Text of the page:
- a) The word is uttered in the changing-room of the losing team, after a hard match lost on a disputed penalty in the third minute of injury time. It hardly scratches the ears of any of the participants – it’s just a background noise in the air. Equally it doesn’t disturb the reader much, as such a voice is expected in such scenes.
- b) Now imagine the same word shouted above the heads of the participants entertaining some small talk at the Lord Mayor’s Banquet… A completely different circumstance that will inspire readers to interpret the same voice in a totally different way. Do you get it?

In conclusion, we need to remember that words are explosive, they are touching the ears, minds and the spirit of those who stop to read them. However, the extent of the explosion will differ according to the individual writing/reading the piece and the circumstance outlined.

Game of the Week ~ Super Similes

Today we have an easy game, but one that will literally help you with vocabulary and a new element of style for your compare and contrast essays at school and university. It is the Super Similes game.

On the first page are the game instructions: When you start the game you will see a 'slot machine'. Click the 'Spin' button on the right of the machine. As the pictures spin, a simile will appear at the bottom of the machine. Decide which picture finishes the simile and click the checkbox underneath that picture (if you are lucky you will get two or three of the correct picture). Then click 'Spin' again. There are three levels in this game but you will need to get all the similes correct in each level before you can move to the next one.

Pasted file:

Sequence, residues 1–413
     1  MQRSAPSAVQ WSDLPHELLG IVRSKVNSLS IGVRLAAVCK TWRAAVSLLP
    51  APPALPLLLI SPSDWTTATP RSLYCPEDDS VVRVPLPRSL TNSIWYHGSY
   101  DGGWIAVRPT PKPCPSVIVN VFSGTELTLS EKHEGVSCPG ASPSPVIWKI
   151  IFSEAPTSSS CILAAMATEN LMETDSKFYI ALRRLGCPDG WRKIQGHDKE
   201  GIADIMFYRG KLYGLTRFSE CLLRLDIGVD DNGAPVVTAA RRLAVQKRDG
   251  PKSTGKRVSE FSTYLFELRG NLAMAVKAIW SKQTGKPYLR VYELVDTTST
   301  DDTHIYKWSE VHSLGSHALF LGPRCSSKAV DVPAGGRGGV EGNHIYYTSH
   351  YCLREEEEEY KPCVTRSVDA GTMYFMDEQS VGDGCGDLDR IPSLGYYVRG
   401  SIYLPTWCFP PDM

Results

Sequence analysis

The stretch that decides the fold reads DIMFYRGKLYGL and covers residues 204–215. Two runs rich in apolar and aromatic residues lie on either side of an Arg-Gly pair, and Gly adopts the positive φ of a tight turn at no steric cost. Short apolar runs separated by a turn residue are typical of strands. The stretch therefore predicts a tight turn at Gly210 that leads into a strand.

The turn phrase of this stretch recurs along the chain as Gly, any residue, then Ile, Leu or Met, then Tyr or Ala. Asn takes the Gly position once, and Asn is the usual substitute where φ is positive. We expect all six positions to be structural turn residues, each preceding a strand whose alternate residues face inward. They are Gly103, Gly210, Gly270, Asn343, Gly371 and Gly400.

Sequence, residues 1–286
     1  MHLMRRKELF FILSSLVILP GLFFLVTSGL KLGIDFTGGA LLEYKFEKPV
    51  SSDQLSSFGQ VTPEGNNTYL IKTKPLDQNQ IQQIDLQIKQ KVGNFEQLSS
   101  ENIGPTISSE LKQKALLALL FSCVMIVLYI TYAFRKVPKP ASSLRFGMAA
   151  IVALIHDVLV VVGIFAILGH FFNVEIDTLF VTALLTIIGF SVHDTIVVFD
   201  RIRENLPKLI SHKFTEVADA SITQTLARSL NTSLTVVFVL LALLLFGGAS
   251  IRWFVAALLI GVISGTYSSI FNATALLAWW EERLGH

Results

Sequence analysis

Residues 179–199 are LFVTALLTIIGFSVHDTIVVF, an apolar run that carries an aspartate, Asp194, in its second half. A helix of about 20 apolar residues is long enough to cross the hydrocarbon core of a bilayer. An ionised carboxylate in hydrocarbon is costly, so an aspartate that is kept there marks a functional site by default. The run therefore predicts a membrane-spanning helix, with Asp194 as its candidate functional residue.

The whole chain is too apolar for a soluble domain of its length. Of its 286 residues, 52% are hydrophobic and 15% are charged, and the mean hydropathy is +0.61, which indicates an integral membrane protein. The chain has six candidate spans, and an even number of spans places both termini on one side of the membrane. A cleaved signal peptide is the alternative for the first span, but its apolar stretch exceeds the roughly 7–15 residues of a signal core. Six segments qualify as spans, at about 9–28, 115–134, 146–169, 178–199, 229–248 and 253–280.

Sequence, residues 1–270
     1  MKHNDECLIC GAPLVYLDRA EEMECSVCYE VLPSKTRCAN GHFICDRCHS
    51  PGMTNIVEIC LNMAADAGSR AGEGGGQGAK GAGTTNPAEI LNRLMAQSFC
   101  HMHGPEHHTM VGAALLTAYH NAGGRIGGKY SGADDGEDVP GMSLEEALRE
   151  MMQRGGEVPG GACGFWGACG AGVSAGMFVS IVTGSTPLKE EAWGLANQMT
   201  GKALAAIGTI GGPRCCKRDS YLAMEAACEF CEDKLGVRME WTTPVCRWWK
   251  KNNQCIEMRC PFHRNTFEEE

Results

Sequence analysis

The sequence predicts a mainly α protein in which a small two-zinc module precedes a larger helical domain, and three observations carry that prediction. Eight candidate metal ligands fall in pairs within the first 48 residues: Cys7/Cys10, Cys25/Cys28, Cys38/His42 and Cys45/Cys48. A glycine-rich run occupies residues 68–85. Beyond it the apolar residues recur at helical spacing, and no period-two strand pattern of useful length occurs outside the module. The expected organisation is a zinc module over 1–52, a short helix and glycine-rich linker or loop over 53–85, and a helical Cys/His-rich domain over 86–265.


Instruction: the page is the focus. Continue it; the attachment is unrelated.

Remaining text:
Here we had the expression "as brave as a" underneath the three pictures and it was only when I selected the lion that the word joined the previously unfinished expression and the "correct" result appeared automatically.

The same happened here, but now let's see what happens when you get it wrong:

The correct expression is "as blind as a bat", as many of you will know already. Oops! I have to admit that I haven't saved the verdict page, but what happened is that I got "wrong" instead of "correct", but the machine didn't offer the correct expression. I only had the chance to spin again.

OK, once the 7 similes were achieved, without any upfront score I got the chance to try the second level. This contains another set of 7 similes, but at a more elevated vocabulary level.

Then you get the choice to move on to the third level, also sporting 7 similes. Once you finish that one, you're done!

Either you choose to play again to reinforce your vocabulary, or you may select another game from the same website - the Gamezone of the English Online website.

Without much more ado, it's your turn to play the Super Similes game. Enjoy!

This is it for now, my friends!

I hope you find this information useful and not too confusing. Even though you're at the stage of building on it, have patience at this point in your learning and you'll be able to reap the fruit of your work later on, whichever aspect of our lessons you are concentrating on.

Please feel free to comment and suggest your ideas by replying to this email - I look forward to hearing from you. If you wish to chat either with me or with other members worldwide, go to My English Club .

All the best from me until next time,

Lucia da Vinci

Founder of My English Club